Thursday, December 13, 2007

Cost of Proprietary Database

Reading Allan Packer's article on "Are Proprietary Database Doomed?"  opens a pandora's box (well, atleast my mouth).


Exhorbitant Price


I have been complaining about the cost of database since last few years as the amount of money that Oracle and IBM made by charging poor customers anywhere from $15,000 per core to anywhere above $40,000 per core and changing the definition of cores to suit their needs is to-say-the-least unethical.   


Infact if you refer to latest tpc.org benchmark results and actually look at the "System Price" breakdown in their executive reports, you will be surprised to see that many times the true cost of the database (considering their actual list price scheme by core) will be 50% or higher (I am not kidding). The server and storage itself can give you lot of scrap metal value. (These servers/storage generally tend to have  good resell value like a Honda or Toyota Car.)  However the value of the Software DVD is nothing. Wait.. you cannot even do a yard sale with your software if you go bust (as per most license restrictions). Why am I complaining? Well I can get a laptop for $400 easily now but to run a proprietary database I might have to shell out another $40,000 for an unlimited use license  for that processor (100X).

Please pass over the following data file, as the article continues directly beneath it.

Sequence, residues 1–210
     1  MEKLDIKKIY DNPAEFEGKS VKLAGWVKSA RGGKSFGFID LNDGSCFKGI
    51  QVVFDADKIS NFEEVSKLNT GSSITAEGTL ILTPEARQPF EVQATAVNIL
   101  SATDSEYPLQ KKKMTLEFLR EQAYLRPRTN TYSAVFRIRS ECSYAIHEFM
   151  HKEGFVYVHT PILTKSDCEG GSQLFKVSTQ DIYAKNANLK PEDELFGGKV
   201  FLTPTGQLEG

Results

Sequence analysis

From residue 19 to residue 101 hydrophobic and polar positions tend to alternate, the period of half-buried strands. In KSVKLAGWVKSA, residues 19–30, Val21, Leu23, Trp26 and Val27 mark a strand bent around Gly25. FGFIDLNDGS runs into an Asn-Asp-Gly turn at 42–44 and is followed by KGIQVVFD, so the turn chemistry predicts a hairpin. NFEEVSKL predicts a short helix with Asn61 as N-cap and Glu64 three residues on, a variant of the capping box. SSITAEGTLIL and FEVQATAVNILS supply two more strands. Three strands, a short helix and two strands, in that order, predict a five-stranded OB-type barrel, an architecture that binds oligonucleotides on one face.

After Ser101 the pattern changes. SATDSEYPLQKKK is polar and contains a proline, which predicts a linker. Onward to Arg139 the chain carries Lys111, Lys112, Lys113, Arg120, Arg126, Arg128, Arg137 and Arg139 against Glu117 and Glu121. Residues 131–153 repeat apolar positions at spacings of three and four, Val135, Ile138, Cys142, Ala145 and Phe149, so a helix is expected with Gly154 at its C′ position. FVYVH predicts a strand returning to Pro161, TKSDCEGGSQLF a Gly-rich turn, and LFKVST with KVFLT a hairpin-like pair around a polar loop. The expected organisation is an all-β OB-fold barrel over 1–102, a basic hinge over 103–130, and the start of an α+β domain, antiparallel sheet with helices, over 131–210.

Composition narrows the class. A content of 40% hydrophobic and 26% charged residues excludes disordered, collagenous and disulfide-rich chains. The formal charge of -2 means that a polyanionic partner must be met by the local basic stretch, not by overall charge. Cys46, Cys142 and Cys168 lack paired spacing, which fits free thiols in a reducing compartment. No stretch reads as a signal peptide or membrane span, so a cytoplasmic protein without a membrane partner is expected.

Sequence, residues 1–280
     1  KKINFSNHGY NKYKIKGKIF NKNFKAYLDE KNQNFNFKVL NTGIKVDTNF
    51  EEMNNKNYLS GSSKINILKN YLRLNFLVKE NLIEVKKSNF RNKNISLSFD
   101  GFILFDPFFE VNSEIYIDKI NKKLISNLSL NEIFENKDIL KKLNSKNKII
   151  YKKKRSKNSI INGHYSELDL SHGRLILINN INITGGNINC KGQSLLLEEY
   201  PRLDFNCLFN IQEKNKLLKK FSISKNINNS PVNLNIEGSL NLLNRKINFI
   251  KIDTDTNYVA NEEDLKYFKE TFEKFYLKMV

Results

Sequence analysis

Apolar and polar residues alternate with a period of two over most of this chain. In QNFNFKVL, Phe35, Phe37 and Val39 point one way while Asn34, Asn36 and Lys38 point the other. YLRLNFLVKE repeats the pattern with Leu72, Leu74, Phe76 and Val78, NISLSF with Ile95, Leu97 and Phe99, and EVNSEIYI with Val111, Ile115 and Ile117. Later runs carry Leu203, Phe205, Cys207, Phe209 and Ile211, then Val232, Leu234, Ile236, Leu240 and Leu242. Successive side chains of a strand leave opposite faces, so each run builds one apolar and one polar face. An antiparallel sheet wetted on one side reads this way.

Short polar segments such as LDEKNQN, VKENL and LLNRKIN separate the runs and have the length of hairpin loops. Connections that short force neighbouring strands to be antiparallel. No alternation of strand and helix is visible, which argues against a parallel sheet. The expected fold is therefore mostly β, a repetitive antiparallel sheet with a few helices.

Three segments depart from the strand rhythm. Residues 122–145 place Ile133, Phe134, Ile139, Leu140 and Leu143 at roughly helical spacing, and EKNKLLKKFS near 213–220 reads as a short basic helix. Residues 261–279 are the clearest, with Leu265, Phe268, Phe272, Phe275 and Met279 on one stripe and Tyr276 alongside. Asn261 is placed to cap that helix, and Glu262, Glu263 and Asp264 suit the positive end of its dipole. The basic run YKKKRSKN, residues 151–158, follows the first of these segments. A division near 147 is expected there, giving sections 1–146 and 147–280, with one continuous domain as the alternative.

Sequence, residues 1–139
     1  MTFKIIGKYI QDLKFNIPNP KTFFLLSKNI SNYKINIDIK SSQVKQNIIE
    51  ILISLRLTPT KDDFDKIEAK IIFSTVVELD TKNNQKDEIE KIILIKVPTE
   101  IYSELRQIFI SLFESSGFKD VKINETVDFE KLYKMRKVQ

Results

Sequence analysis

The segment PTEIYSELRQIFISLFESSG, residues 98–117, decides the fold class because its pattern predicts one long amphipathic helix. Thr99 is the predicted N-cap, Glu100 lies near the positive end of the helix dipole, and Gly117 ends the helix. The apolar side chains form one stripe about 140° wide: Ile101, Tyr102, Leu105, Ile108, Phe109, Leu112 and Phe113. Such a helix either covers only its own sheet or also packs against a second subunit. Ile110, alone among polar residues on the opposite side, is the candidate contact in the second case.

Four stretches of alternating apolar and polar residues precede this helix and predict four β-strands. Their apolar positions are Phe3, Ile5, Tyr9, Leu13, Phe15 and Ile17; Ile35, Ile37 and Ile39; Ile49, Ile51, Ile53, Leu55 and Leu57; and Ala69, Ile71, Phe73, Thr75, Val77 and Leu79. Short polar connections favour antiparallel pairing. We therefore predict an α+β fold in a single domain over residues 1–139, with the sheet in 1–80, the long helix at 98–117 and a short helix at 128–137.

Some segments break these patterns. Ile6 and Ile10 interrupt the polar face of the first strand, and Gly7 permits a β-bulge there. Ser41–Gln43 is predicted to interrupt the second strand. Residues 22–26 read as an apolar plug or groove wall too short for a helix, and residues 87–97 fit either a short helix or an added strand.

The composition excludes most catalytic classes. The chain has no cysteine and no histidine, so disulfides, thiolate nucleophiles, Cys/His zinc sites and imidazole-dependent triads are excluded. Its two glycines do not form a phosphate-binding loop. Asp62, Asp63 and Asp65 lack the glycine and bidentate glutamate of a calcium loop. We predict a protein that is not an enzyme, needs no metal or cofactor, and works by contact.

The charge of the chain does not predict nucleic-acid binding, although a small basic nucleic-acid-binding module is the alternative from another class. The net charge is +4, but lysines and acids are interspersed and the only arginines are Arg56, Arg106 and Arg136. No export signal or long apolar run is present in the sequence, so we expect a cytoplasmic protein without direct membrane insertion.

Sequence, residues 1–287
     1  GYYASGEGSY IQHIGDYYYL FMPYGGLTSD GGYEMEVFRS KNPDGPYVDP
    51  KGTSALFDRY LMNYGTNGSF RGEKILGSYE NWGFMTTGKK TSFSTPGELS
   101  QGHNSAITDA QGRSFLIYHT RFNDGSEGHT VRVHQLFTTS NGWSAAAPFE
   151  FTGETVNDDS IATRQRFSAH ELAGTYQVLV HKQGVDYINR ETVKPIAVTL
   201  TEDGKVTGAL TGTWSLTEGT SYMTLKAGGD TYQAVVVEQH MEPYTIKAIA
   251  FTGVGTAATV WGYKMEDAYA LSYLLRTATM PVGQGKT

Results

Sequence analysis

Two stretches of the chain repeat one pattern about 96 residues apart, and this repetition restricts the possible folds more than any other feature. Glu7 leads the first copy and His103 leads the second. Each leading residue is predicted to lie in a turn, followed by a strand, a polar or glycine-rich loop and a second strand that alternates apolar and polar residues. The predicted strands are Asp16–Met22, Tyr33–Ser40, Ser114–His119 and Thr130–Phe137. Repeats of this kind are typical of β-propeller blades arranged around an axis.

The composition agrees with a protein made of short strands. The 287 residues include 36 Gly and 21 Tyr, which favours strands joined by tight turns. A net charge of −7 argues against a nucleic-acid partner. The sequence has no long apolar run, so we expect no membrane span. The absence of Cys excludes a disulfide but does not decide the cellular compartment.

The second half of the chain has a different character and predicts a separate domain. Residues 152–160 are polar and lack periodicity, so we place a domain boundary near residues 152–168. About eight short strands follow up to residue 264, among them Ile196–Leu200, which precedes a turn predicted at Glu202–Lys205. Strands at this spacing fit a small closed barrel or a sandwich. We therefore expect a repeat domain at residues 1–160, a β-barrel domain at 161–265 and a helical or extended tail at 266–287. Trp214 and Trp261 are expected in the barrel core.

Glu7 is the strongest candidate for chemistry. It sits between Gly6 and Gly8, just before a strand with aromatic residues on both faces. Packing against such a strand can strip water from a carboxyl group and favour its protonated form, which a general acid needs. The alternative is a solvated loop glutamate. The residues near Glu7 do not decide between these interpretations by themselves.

Manipulating CPU architectures


Also another problem with these proprietary databases are the way they manipulate CPU architectures. Every CPUs have its plus and minuses. However these proprietary database companies have used these to serve their own selfish motives. Today UltraSPARC T2 based systems are "artificially" bottlenecked not because of performance but because of price of proprietary databases just because they are running on UltraSPARC T2.  Dictating which CPU architecture is a second class citizen and  force to pay a premium tax to use their "esteemed" software on it is not only unethical  but if you do an analogy with humans it should be also unlawful. 


Hope in Sight


Well there is a way out, Open Source Database. Atleast you dont have to worry about the "resell" value of the Open Source Database. What about performance? Well read my earlier blogs on performance of PostgreSQL on Solaris.  (Its even bundled in Solaris 10.) What about features? Well most of the common features are already out there. Thanks to ZFS, lots of snapshots, replications is now also available. If your favorite feature is missing, hey just raise your voice and somebody is bound to hear you. Or you will develop that feature yourself.  


Overall I have to agree whole heartedly with Allan. A Perfect Storm is brewing for Proprietary Databases.


 


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